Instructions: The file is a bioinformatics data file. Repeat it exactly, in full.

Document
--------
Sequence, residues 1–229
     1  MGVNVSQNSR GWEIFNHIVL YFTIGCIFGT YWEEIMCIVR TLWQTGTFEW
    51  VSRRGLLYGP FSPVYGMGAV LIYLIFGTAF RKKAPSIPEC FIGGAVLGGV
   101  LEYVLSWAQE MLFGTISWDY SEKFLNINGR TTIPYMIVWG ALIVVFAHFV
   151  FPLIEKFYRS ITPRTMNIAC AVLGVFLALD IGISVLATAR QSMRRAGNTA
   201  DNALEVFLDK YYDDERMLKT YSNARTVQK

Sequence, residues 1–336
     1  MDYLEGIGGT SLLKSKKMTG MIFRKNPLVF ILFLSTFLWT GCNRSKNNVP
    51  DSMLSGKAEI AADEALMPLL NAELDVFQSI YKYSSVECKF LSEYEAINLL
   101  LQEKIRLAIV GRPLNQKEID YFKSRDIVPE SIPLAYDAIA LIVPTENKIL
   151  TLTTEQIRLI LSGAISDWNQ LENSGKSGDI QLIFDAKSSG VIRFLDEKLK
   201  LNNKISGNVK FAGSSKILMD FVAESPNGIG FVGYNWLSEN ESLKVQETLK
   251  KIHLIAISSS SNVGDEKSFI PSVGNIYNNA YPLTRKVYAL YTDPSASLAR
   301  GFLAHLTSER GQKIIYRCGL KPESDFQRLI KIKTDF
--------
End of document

Sequence, residues 1–229
     1  MGVNVSQNSR GWEIFNHIVL YFTIGCIFGT YWEEIMCIVR TLWQTGTFEW
    51  VSRRGLLYGP FSPVYGMGAV LIYLIFGTAF RKKAPSIPEC FIGGAVLGGV
   101  LEYVLSWAQE MLFGTISWDY SEKFLNINGR TTIPYMIVWG ALIVVFAHFV
   151  FPLIEKFYRS ITPRTMNIAC AVLGVFLALD IGISVLATAR QSMRRAGNTA
   201  DNALEVFLDK YYDDERMLKT YSNARTVQK

Sequence, residues 1–336
     1  MDYLEGIGGT SLLKSKKMTG MIFRKNPLVF ILFLSTFLWT GCNRSKNNVP
    51  DSMLSGKAEI AADEALMPLL NAELDVFQSI YKYSSVECKF LSEYEAINLL
   101  LQEKIRLAIV GRPLNQKEID YFKSRDIVPE SIPLAYDAIA LIVPTENKIL
   151  TLTTEQIRLI LSGAISDWNQ LENSGKSGDI QLIFDAKSSG VIRFLDEKLK
   201  LNNKISGNVK FAGSSKILMD FVAESPNGIG FVGYNWLSEN ESLKVQETLK
   251  KIHLIAISSS SNVGDEKSFI PSVGNIYNNA YPLTRKVYAL YTDPSASLAR
   301  GFLAHLTSER GQKIIYRCGL KPESDFQRLI KIKTDF